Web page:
To be clear: an annual planning session is not you, the CEO, standing on a stage telling everyone else what you want them to do. An effective planning session requires third-party facilitation so that the CEO is a participant. Don’t underestimate what a powerful impact you can have on your company by simply joining the group, listening to feedback, and settling on new processes and goals together. You won’t just get more buy-in from your team, you’ll send an important message: I’m accountable just as much as you all are.
Also, make sure your organization follows best practices that enable every opportunity to win. One of those critical best practices is ensuring a high level of communication with your leadership team. Review results every quarter. What went right this quarter, and what went wrong? What did we learn? How did we do compared to how we said we would do? What are the biggest challenges we’re currently facing, and how are we dealing with them? What are the biggest opportunities in front of us? We can’t chase them all. What will be the most impactful? Where do we want to be by the end of the following quarter, and what are the activities that will get us there?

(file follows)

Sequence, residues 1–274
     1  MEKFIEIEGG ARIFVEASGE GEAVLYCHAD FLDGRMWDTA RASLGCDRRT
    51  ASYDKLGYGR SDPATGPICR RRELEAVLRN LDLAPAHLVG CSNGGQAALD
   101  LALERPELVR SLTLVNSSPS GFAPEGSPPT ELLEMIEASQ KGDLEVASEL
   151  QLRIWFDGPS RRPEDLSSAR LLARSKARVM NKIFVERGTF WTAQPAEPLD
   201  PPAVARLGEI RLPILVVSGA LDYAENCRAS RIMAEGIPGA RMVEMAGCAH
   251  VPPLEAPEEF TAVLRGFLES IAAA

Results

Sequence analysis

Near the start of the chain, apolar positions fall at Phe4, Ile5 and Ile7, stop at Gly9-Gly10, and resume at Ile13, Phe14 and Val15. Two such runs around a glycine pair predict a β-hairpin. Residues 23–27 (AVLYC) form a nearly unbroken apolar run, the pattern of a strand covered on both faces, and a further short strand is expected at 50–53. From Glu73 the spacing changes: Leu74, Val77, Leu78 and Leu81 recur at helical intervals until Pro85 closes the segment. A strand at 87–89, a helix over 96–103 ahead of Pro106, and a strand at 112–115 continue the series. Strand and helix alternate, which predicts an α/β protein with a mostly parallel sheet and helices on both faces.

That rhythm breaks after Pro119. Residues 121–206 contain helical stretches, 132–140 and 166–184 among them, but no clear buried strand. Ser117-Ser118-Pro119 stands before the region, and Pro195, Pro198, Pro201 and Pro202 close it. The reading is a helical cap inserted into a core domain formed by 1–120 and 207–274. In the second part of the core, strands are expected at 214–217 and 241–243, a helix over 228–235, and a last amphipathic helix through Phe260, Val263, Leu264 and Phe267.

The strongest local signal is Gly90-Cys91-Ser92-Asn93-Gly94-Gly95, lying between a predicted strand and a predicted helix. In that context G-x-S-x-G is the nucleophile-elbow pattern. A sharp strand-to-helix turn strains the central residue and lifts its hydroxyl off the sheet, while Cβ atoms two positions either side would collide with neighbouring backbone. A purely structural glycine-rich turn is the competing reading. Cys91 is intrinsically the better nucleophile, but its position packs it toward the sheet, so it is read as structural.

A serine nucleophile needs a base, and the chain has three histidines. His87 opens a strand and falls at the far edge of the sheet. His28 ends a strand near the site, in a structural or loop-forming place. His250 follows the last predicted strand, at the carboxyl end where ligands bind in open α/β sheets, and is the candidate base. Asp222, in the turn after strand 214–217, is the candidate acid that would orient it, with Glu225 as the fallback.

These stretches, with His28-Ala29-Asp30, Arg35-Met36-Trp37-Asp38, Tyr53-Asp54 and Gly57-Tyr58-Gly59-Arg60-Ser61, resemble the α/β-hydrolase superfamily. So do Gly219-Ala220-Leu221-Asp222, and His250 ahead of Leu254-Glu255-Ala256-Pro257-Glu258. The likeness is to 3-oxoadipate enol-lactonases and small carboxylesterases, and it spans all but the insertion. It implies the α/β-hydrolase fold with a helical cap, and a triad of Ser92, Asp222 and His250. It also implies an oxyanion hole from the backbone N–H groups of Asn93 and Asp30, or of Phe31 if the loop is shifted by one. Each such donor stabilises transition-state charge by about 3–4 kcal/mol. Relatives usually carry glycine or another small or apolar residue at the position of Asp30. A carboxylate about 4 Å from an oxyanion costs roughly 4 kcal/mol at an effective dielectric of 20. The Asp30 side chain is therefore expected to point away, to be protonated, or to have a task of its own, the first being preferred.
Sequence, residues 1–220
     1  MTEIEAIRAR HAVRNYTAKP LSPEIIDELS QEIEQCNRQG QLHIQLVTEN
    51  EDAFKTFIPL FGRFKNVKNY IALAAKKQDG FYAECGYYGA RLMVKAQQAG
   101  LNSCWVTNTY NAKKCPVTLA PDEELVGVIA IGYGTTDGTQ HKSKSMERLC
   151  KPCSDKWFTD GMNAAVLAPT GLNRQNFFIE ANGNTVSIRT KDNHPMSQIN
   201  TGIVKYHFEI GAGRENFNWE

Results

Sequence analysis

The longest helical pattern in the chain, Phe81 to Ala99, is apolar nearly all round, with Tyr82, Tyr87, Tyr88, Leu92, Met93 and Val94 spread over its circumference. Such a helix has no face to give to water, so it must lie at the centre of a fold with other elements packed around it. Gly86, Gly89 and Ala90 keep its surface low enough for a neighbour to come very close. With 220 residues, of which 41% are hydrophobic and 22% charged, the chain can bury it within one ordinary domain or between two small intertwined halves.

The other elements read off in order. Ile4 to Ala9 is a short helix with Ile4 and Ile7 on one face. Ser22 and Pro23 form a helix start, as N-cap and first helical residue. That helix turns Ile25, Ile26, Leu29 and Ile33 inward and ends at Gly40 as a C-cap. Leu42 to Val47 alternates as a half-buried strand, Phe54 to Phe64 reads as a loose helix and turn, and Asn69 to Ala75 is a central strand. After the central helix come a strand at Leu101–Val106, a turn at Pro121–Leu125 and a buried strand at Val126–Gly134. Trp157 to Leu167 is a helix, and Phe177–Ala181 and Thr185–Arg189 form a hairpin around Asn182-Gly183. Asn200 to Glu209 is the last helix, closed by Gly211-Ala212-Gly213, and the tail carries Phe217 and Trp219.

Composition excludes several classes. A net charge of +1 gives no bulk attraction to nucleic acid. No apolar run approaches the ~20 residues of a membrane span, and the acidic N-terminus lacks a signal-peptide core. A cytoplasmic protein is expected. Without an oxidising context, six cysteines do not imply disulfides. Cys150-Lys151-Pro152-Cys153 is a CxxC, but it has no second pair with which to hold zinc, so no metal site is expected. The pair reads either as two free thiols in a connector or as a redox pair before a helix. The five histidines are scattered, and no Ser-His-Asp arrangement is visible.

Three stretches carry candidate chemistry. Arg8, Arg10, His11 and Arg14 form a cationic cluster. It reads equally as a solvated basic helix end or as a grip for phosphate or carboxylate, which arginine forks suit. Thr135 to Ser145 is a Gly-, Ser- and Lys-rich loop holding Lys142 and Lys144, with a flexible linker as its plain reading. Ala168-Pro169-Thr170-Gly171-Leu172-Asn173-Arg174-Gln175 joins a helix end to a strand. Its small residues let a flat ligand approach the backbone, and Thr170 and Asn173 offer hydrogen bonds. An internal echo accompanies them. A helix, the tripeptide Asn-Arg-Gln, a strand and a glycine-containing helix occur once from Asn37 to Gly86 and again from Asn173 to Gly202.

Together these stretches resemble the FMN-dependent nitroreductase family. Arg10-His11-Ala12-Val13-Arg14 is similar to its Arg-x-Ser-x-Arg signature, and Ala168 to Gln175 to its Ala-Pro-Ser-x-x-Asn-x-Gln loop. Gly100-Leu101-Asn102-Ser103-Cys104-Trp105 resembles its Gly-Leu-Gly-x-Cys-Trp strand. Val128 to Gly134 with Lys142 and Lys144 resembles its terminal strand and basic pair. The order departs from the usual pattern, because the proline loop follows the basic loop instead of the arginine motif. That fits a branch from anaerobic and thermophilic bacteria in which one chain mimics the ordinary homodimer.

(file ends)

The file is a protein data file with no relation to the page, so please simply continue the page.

Every one of our clients who has achieved nine-figure exits went through this exercise quarter in and quarter out. It may seem like overkill, but a high level of communication and pressure every quarter produces results.
- See it. Your company’s potential is limited only by your vision for its success and the team you assemble to realize that vision.
- Track it. Focus on the activities that will lead to bigger numbers tomorrow, not yesterday’s successes or failures.
- Adjust it. Hold quarterly or annual planning sessions to focus your team on what’s working and correct what’s not.
Written by Mark Moses.